The emergency relief programme continues to provide refugee children with education
Serbia – January 3 2019

Education at risk for unaccompanied child refugees

A failure to increase capacity in the education system in the wake of the child refugee crisis has left unaccompanied child refugees in Serbia at risk of missing out on a good education, SOS Children’s Villages’ National Director for the region has warned. Large class sizes and a lack of individual care means that many vulnerable children are not having their needs met. 

One third of the refugees and migrants who have arrived in Europe since the crisis peaked in 2015 are children. Of the nearly 4,000 refugees who have settled in Serbia, at least 10% are children who are without parental care, having lost or been separated from their families.

Refugee children have unique needs which can impact their ability to receive a decent education if improperly addressed. In addition to facing language and cultural difficulties, many refugee children have suffered trauma, family separation or abuse which can affect their emotional and psychological development. Close attention and individual support by teachers and care-workers are therefore crucial for their progress.

Most refugee centres in Serbia are located in small communities which have faced challenges increasing the capacity of their educational systems. The lack of compulsory secondary schooling in the country is also limiting the access of older refugee children to education.

The children’s charity is calling for improved access to education and vocational training, child counselling and language classes for refugee children in Serbia to support their integration into their new communities and improve their future life-chances.

National Director of SOS Children's Villages Serbia Vesna Mraković-Jokanović said: “Trafficking and smuggling are the biggest risks for unaccompanied children - for adults too.  We inform children and families about the risks, providing information and running awareness programmes.

“The focus of our work is to ensure that every child is cared for – ideally by their parents, but when the parents are not available, then by other family members. This is not always easy. We see cases in the refugee reception centres where parents are so badly traumatised themselves that they are unable to care for their children. Others feel that they do not have any power over their lives and are struggling to cope. We work with these families to improve their situation.

“There are many ways we can help - by involving parents in activities with their children or providing them with educational and vocational training opportunities. We also support refugee children through educational activities, so they start to learn the Serbian language and are better prepared for school.”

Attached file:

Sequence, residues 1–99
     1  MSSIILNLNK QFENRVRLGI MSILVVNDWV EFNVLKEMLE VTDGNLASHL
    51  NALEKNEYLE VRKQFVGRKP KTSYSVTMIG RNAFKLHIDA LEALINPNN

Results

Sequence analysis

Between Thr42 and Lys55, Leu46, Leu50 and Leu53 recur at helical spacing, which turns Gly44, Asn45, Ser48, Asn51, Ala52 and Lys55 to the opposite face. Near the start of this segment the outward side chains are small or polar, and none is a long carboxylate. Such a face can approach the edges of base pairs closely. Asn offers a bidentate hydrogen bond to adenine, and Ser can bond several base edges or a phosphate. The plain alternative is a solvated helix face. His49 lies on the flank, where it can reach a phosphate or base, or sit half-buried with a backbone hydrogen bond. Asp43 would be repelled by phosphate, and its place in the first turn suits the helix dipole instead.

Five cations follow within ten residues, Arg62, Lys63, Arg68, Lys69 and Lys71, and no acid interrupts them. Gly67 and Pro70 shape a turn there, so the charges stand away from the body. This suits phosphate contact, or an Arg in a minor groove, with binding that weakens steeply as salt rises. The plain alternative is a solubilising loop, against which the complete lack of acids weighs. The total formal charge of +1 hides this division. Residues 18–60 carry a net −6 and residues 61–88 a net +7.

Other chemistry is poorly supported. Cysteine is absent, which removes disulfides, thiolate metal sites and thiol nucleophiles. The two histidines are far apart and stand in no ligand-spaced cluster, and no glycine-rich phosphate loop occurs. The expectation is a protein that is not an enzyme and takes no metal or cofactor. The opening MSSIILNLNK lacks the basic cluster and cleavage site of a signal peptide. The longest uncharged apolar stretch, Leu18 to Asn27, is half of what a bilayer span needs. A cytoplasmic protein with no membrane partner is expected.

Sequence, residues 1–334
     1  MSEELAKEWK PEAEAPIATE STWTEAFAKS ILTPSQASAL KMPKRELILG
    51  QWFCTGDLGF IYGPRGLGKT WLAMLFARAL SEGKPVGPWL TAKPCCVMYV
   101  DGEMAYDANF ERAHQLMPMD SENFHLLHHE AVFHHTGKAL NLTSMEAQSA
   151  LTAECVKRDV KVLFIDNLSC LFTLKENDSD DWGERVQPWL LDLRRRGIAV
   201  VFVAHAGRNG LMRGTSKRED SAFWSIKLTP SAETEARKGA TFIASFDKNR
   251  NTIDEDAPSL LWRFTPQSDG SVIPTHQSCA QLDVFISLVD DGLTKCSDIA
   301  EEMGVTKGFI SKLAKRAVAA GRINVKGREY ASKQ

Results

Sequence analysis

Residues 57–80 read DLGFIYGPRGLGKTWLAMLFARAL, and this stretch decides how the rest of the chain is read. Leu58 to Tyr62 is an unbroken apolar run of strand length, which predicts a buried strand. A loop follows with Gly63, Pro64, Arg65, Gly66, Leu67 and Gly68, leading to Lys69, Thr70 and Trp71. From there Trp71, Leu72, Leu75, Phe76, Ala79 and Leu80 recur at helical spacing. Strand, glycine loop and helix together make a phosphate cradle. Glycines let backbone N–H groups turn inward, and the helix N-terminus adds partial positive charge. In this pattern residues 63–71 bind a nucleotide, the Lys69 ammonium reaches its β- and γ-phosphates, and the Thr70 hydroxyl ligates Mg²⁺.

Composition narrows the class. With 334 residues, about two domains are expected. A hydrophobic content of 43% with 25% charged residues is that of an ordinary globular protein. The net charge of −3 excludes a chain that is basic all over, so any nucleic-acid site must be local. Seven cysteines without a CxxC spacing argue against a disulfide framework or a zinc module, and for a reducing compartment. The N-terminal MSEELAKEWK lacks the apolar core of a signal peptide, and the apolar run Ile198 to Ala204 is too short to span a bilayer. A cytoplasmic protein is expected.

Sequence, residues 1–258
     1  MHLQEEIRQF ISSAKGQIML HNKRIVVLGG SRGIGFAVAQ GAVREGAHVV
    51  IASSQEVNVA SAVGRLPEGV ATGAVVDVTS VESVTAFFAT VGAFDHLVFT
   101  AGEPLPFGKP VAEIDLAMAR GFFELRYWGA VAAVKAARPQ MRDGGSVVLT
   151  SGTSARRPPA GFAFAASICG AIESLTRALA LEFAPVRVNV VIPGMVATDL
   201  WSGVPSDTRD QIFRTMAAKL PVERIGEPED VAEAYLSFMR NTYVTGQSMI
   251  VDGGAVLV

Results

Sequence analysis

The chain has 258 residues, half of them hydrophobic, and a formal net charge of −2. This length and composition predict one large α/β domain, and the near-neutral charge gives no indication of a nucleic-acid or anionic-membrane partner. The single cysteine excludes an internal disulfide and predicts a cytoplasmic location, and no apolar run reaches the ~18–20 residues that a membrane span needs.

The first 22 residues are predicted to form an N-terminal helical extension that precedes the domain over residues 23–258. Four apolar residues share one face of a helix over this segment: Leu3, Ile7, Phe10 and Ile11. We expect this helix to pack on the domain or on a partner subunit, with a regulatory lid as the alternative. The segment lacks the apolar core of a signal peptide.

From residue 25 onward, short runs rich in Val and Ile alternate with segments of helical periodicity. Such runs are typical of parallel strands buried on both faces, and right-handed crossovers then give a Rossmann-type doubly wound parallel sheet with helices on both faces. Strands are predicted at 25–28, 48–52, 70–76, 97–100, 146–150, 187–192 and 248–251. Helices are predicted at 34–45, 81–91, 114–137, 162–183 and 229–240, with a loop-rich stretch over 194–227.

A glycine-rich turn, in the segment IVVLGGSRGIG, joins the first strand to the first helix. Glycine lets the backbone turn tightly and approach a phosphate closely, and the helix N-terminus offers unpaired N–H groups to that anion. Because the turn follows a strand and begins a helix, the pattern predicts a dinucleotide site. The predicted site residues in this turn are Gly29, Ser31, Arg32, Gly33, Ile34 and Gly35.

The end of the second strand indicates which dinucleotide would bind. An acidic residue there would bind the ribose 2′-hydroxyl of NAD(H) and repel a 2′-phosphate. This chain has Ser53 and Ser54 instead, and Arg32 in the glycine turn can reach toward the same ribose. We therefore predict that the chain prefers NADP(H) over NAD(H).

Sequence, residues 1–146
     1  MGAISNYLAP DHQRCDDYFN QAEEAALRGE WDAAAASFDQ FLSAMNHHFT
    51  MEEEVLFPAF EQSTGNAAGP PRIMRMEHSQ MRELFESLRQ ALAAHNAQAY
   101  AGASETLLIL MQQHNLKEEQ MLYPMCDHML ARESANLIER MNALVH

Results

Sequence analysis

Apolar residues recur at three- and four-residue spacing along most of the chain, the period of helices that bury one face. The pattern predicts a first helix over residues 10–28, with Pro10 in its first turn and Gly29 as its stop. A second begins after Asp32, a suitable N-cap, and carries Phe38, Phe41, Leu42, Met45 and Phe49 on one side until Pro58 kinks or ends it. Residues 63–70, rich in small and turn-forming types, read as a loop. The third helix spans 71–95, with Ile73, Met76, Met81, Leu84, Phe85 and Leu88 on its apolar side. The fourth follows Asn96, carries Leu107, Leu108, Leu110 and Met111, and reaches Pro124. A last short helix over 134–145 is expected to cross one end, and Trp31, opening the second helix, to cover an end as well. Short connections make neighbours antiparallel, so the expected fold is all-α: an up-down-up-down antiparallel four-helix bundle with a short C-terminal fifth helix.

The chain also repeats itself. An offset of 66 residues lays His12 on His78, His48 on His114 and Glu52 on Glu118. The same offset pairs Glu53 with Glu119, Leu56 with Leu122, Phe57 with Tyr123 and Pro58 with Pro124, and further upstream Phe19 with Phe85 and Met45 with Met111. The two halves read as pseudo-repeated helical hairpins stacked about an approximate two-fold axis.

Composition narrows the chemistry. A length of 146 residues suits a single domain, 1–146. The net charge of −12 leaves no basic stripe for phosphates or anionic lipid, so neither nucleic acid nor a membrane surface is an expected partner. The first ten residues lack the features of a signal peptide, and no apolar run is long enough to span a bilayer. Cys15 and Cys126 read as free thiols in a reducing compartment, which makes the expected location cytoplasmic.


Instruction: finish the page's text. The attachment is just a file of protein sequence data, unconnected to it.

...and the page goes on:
SOS Children’s Villages supports refugee children and families in four refugee reception centres across northern Serbia - Adaševci, Kikinda, Obrenovac and Principovac. Their child welfare specialists have helped more than 125,000 children, young people and parents since the crisis began, ensuring children are protected and cared for and that families receive much-needed support. Key services include:

  • Child Friendly Spaces offering educational and recreational activities, homework support, language lessons and psychological and emotional care for younger children
  • Child protection officers working to prevent neglect, abuse and exploitation and support victims’ recovery
  • ICT and Youth Corners for young people to learn computer and programming skills, access online educational resources and keep in contact with their family’s abroad
  • Mother and Baby Corners offering health, nutritional and child-development support and a safe and private place for mothers to feed their babies
  • Training and capacity building for government agencies

Conditions for unaccompanied child refugees in Serbia have improved significantly since 2015, when many children spent the winter living in abandoned buildings and parks in Belgrade. However, government plans to take over the running of child and family services for refugees by the end of 2019 have faced serious challenges, including a lack of qualified staff and a need to train employees on appropriate standards for the care and support of vulnerable children. SOS Children’s Villages is supporting the government with capacity-building.

You can find out more about our work protecting child refugees worldwide.

Notes to editors:
For media enquiries please contact Lucy Prioli at Lucy.Prioli@sosuk.org or on 01223 222 974.

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